The likely suspect, which when she confirms will be 100%, as the rest of her reporting always is, is probably going to be the US govt.  What branch of the US govt or how is probably the big question – whether it’s Eric Holder’s DOJ or Hillary’s State Department or maybe even the Department of Energy or another agency she offended by reporting the facts.

Regardless, they chose a very poor target for snooping on.

And if those targeting her escalate things, it’s worth noting that her reporting has earned her the respect of some communities of rough men (and women) that provide physical security, and would be willing to do so.

Her reporting on Benghazi got her friends from Little Creek to Coronado, and her reporting on Fast and Furious got her friends from Brownsville to San Diego and Washington state to Maine… state.

Last night on Texas Overnight, Charlie Jones had a caller on who asked about filing a FOIA request against the NSA for info on Benghazi.  It’s an interesting idea.

Consider that whistleblower Snowden said he could’ve tapped anyone’s electronic communications – even the President’s:

The most confounding thing in writing about the NSA/PRISM/Snowden clusterfark is that, if you don’t work in national security, there’s no yardstick to measure which claims are plausible and which are insane. That in itself is a brutal indictment of the surveillance state, of course: The government’s powers are so vast and so secret that even a citizen who follows the news really can’t debate them intelligently. Is it insane to think that a 29-year-old NSA/Booz IT guy could be reading Barack Obama’s private e-mails if he wanted to?

So, yeah. Snowden suggests he could have accessed the president’s personal e-mails. Is that crazy? I hope so. I don’t know.

He says he was granted broad “wiretapping” authorities. In a video interview with The Guardian, Snowden claims to have had incredibly broad authority to wiretap Americans, saying “I, sitting at my desk, certainly had the authorities to wiretap anyone, from you or your accountant, to a federal judge or even the president, if I had a personal e-mail.”

These records exist.  The NSA has been saving emails and has been saving metadata and actual data for quite a while now.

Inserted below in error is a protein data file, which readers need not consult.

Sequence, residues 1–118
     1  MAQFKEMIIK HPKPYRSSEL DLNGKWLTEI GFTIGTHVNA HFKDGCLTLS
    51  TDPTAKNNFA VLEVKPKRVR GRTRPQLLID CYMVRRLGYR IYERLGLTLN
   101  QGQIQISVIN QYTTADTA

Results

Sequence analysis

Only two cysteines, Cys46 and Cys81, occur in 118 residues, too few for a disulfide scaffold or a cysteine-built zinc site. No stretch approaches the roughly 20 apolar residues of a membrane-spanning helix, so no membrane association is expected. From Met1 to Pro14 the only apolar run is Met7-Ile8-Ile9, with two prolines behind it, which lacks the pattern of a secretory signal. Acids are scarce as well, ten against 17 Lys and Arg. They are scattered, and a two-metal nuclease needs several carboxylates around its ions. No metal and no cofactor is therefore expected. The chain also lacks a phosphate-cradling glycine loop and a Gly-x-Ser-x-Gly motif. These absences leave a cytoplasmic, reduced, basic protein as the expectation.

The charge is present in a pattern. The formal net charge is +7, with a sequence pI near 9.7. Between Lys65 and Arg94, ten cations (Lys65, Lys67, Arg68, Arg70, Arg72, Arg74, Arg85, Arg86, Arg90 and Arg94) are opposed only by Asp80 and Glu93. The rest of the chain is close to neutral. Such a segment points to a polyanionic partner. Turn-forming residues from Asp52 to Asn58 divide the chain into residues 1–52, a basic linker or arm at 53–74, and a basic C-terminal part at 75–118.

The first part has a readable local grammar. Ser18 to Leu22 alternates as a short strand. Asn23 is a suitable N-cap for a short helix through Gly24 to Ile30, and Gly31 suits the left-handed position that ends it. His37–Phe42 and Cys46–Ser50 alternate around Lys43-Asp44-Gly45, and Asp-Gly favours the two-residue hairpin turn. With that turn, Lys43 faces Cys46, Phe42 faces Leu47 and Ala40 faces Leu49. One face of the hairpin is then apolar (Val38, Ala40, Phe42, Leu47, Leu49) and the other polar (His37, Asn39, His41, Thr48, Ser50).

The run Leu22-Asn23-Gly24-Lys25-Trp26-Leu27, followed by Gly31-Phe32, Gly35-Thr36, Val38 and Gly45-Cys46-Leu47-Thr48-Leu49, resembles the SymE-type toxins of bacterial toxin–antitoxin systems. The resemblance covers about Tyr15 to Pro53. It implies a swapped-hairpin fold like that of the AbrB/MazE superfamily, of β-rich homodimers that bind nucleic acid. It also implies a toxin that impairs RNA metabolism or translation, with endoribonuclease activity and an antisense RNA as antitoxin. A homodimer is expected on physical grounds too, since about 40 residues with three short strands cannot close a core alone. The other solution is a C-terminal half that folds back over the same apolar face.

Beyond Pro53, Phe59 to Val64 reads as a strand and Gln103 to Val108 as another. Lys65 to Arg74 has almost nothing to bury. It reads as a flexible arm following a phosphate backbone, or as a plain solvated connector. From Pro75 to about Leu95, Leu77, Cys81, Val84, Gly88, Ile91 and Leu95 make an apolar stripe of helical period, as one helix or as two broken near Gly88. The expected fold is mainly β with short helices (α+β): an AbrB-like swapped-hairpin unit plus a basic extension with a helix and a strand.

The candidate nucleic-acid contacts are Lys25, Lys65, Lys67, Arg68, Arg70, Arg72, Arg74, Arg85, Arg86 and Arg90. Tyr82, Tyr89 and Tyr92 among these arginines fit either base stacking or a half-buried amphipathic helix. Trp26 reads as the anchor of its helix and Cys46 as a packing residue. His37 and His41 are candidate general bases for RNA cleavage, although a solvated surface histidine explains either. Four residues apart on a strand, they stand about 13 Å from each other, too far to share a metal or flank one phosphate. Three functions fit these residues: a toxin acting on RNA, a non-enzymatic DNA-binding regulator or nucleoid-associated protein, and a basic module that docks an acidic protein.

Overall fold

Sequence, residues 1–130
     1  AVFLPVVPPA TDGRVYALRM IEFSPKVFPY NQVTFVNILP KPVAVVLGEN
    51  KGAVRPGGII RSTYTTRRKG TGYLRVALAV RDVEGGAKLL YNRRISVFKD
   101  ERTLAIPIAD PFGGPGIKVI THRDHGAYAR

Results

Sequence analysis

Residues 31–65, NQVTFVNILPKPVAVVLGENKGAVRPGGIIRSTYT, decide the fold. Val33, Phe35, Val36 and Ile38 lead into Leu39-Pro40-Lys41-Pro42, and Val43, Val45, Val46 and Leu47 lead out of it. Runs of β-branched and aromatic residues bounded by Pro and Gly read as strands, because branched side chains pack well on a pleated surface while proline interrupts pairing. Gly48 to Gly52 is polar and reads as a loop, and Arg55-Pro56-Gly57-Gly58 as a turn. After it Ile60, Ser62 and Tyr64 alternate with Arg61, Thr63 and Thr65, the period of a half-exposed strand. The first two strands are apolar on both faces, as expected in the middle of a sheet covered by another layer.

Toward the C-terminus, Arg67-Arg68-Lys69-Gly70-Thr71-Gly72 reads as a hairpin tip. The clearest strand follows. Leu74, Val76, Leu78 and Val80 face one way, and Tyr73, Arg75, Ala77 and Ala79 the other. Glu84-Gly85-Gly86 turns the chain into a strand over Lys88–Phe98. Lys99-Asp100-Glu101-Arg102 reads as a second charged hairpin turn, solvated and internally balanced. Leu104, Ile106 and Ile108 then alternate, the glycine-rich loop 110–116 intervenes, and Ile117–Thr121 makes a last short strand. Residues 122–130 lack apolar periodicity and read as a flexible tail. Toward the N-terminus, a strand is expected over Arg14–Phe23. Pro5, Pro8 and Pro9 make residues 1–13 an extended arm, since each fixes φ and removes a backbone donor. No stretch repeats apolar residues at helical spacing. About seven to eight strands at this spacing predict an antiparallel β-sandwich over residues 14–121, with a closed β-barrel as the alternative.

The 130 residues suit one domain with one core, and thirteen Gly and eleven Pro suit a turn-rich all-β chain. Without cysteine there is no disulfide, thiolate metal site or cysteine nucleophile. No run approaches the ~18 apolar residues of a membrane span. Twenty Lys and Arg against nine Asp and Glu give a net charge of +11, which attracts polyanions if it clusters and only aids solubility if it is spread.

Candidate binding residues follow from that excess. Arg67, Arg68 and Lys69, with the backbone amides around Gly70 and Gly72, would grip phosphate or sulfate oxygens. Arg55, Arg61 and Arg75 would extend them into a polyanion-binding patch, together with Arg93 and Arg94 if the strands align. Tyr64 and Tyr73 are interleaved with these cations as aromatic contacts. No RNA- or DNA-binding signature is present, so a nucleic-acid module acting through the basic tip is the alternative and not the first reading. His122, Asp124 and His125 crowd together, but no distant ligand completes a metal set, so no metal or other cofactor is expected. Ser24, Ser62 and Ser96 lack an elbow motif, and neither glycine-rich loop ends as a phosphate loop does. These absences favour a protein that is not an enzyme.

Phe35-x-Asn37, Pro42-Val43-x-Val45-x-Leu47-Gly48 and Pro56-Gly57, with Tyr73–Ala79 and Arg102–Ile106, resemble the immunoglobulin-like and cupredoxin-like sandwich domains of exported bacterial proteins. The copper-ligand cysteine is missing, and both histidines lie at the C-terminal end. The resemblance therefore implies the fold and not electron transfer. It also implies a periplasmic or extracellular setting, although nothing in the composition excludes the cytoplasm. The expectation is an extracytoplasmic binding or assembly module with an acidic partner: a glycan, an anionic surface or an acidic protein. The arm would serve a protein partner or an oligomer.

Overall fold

So how about a FOIA request on ATF Gunwalker/Fast and Furious conspirators like Bill Newell, Lanny Breuer, Kevin O’Reilly, and even AG Eric “Held In Contempt” Holder?  Or how about congress requesting the documents from the NSA?

The NSA can’t claim there’s an “ongoing investigation”, since they aren’t the DOJ.

Just a thought.

I’m going to use the same title that Real Clear Politics did.

This is the same Obama who had Eric Holder’s DOJ and ATF sending guns to Mexican narcoterrorist cartels.  This is the same Obama who hushed Fast and Furious up by exerting executive privilegeHe sent guns to Mexico.

This is not a question of American citizens’ rights, this is a question of the US government purposely arming narcoterrorists in order to have this talking point, claiming the 90% lie over and over.

I can’t think of many things more insulting or downright foul to hear from our President other than his own crimes being blamed on our rights – as was intended.   He is now going international with the demand that our rights go away because he committed crimes… to deny us those rights.

This is like a rapist saying “not only did she deserve it when I did it to her, but that proves my point, we have to keep the world safe from women like her who cause rape”.

First update on the civil suit against the Justice Department, from UT San Diego:

WASHINGTON — A federal judge seemed skeptical Wednesday of the Justice Department’s bid to dismiss a congressional lawsuit seeking records related to Operation Fast and Furious, a bungled federal gun-tracking operation in Arizona.